Telangana tailspin – Inder Malhotra జూలై 14, 2011Posted by M Bharath Bhushan in 1969, agitation, Andhra, Congress, Economy, elections, heritage, Hyderabad, Identity, Mulki, politics, regionalism, Sonia, SRC, TDP, Telugu, TRS.
Tags: Andhra Pradesh, JVP, linguistic states, Nizam, Srikrishna
Inder Malhotra, The Asian Age, Jul 13, 2011
Of all the wounds that the Congress-dominated United Progressive Alliance has inflicted on itself in its second tenure (UPA-II), arguably the worst is the dithering over the burning Telangana issue. The thundering silence of the top leadership of the government and the Congress Party amidst tempestuous turmoil on the ground speaks for itself.
The duration for which the festering sore has been left unattended is appalling.
To put the UPA-II’s nay the Congress’ acts of omission and commission in perspective, the problem’s history needs to be encapsulated. At the time of Independence, indeed until September 1948, Telegu-speaking Telangana was part of the multi-lingual princely state of Hyderabad, ruled by the Nizam who was hell-bent on making Hyderabad an independent entity, a design in which Pakistan was complicit. But his people, fed up with his autocratic rule and depredations of the notorious Razakars, would have nothing of this. A sideshow was the Communist Party of India’s revolt against both the Nizam and Independent India. It was also crushed.
Another major strand in the saga is that though the Mahatma had always favoured linguistic states on the ground that administration must be run in people’s mother tongue, the towering leaders of the Union government — Jawaharlal Nehru, Vallabhbhai Patel and Rajendra Prasad, collectively called JVP — decided to put the issue of linguistic states in deep freeze. But they had reckoned without the reality of escalating sentiment for a separate Andhra state among the Telegu-speaking population in what was in British times Madras Presidency and is now Tamil Nadu.
After an Andhra Gandhian, Potti Sriramulu, fasted until his death, the Central government was forced to form the Telegu-speaking state of Andhra. Telangana, however, continued to be a part of Hyderabad. A rash of linguistic demands erupted across the country. A States Reorganisation Commission was appointed and, in accordance with its report, the country’s political map was redrawn in 1956, largely but not entirely along linguistic lines. Telangana became part of Andhra and Hyderabad city became the capital of the new state.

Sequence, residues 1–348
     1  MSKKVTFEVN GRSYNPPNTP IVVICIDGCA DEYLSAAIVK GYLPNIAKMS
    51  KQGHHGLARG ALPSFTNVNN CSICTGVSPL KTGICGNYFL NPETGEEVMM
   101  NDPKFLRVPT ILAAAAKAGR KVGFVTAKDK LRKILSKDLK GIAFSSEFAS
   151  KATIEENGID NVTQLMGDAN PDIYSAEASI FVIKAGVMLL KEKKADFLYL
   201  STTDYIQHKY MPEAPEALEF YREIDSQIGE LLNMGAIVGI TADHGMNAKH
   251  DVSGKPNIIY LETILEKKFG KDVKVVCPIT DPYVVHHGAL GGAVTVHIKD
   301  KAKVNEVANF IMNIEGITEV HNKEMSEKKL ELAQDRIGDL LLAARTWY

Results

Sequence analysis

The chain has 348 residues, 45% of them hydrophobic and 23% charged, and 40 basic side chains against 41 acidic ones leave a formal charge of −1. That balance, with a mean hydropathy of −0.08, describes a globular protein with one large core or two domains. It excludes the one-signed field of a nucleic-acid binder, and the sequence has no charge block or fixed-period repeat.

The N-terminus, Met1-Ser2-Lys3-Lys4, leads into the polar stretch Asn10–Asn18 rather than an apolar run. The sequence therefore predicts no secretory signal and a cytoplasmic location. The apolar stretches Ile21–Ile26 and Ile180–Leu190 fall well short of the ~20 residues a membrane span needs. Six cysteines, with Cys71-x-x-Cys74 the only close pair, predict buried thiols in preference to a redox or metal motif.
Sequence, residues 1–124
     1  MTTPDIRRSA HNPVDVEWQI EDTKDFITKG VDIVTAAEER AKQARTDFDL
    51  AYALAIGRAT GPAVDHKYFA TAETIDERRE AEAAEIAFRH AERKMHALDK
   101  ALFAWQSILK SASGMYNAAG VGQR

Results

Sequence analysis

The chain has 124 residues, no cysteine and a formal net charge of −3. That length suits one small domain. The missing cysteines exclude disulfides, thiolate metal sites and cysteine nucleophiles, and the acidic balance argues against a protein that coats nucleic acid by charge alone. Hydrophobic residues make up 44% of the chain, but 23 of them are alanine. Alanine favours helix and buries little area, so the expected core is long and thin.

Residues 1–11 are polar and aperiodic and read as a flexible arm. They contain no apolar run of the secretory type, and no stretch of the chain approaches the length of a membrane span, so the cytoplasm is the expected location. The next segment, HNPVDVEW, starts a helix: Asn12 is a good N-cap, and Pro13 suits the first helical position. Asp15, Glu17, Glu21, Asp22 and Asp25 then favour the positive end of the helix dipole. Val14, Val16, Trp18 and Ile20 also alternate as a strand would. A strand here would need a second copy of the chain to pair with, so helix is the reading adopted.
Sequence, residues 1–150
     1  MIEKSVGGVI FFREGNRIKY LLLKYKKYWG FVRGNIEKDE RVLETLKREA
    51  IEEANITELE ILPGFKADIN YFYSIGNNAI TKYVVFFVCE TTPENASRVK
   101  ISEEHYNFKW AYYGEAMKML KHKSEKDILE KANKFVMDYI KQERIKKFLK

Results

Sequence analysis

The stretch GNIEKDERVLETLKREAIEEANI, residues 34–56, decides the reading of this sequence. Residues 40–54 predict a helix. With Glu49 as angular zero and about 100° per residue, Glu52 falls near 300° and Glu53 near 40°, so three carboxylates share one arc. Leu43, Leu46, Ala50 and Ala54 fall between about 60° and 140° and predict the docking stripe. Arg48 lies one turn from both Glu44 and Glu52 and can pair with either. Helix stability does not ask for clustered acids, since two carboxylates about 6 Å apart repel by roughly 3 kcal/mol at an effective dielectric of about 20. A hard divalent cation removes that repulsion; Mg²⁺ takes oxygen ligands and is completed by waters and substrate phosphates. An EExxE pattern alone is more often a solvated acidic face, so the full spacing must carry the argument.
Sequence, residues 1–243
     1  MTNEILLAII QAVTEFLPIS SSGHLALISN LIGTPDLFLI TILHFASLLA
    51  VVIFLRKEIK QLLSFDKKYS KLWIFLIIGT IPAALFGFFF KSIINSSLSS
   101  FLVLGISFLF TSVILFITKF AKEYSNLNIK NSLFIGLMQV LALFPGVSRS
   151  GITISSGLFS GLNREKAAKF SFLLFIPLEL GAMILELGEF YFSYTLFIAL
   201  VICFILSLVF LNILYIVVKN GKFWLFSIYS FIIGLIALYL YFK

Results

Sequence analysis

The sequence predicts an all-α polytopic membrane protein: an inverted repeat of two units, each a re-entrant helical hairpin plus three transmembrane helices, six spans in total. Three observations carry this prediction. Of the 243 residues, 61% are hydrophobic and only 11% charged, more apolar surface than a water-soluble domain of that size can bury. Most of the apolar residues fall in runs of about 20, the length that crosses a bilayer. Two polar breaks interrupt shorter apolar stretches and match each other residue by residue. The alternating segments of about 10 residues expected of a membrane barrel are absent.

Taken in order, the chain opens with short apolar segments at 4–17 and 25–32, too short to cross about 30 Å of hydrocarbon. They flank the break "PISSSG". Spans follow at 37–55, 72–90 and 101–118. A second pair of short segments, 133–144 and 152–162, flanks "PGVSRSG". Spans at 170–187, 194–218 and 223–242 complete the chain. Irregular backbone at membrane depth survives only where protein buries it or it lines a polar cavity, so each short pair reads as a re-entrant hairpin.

In subsequent years, Telangana’s grievances against its neglect and lack of development in it were heard from time to time, but it was only in 1969 that a strong movement for a separate state of Telangana erupted. Its leader was a Congressman from the region, Chenna Reddy. Indira Gandhi had the stature and the skill, both lacking in the present dispensation, to contain the agitation. She virtually bought over Chenna Reddy (who became successively governor of Uttar Pradesh and Andhra’s flamboyant chief minister).
Fast forward: The sentiment for Telangana gained momentum again after the turn of the century. So much so that in its election manifestos in both the 2004 and 2009 elections, the Congress committed itself to forming a separate Telangana state. Indeed, in 2004, the Telangana Raksha Samithi (TRS) was part of the UPA-1 and its leader, K. Chandrasekhar Rao (KCR), a minister in the Union Cabinet. When the Congress showed no sign of honouring its promise, he resigned.